On The Dedication Of Dorothy Hall - Tuskegee, Ala., April 22, 1901.

A poem by Paul Laurence Dunbar

Not to the midnight of the gloomy past,
Do we revert to-day; we look upon
The golden present and the future vast
Whose vistas show us visions of the dawn.

Nor shall the sorrows of departed years
The sweetness of our tranquil souls annoy,
The sunshine of our hopes dispels the tears,
And clears our eyes to see this later joy.

Not ever in the years that God hath given
Have we gone friendless down the thorny way,
Always the clouds of pregnant black were riven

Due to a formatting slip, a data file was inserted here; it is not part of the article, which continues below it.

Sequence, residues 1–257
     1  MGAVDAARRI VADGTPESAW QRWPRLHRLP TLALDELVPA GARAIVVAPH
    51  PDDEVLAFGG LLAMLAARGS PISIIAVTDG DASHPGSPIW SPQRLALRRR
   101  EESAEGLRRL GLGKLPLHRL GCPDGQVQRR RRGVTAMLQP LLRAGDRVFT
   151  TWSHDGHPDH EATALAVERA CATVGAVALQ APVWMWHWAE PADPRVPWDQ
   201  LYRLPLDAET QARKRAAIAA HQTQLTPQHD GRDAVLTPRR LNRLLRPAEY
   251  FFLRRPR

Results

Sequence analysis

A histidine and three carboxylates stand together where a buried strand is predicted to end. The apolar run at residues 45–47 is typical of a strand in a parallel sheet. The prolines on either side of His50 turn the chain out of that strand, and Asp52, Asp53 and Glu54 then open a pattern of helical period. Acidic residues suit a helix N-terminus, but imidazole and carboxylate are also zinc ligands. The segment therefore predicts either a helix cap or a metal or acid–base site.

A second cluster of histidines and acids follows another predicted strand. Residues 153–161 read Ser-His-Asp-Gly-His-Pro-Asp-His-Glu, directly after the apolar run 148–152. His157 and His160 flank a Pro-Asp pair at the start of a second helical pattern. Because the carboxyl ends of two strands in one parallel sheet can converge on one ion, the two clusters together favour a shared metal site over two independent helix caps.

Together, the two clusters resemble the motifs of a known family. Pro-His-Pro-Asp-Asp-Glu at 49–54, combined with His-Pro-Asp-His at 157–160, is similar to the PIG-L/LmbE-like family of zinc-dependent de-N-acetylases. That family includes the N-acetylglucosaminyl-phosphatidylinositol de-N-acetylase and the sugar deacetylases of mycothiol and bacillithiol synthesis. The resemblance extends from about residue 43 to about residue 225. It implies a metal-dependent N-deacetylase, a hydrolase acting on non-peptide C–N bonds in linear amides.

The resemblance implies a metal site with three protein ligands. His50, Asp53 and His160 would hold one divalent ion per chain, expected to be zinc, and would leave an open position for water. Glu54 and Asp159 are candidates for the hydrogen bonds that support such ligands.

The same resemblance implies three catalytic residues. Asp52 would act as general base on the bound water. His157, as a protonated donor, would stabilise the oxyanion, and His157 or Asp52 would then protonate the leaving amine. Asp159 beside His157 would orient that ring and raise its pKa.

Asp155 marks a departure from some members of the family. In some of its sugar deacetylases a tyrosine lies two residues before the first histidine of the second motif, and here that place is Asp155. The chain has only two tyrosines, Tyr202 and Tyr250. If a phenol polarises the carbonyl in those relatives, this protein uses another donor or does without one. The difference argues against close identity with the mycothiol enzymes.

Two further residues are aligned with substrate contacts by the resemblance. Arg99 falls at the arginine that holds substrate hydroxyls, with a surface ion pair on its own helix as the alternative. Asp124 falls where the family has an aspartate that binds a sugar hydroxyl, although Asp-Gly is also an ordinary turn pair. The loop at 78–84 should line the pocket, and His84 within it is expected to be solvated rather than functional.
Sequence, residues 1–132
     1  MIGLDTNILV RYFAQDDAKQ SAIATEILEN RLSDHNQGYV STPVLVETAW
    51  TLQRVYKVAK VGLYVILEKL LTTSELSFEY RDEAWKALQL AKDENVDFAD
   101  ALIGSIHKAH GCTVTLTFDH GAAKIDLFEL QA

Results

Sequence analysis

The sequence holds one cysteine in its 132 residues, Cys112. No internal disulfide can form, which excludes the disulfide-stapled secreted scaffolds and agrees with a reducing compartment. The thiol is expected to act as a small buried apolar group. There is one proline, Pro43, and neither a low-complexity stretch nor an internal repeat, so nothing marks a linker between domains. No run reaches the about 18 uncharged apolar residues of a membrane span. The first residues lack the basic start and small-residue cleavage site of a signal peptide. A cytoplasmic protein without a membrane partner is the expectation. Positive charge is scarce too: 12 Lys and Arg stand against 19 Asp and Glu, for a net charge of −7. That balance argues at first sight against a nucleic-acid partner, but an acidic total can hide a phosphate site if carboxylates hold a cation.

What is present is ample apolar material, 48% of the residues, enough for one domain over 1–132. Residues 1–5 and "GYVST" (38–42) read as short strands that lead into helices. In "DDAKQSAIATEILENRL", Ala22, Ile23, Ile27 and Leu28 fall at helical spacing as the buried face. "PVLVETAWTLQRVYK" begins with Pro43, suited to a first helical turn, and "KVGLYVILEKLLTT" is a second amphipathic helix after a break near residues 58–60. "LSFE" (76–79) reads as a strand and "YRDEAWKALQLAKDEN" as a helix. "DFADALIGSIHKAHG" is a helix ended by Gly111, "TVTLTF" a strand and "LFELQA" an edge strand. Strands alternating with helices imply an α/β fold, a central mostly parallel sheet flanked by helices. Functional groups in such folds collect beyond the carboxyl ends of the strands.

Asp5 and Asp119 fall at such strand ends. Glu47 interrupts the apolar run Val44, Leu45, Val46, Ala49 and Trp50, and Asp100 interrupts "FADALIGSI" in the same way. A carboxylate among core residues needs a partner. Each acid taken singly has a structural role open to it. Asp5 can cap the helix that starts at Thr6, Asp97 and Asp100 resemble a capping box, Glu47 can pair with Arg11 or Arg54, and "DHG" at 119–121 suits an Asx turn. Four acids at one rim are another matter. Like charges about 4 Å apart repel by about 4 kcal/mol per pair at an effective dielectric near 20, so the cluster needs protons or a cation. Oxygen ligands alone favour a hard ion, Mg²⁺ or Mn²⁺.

By flashes from His own eternal day.

The women of a race should be its pride;
We glory in the strength our mothers had,
We glory that this strength was not denied
To labor bravely, nobly, and be glad.

God give to these within this temple here,
Clear vision of the dignity of toil,
That virtue in them may its blossoms rear
Unspotted, fragrant, from the lowly soil.

God bless the givers for their noble deed,
Shine on them with the mercy of Thy face,
Who come with open hearts to help and speed
The striving women of a struggling race.

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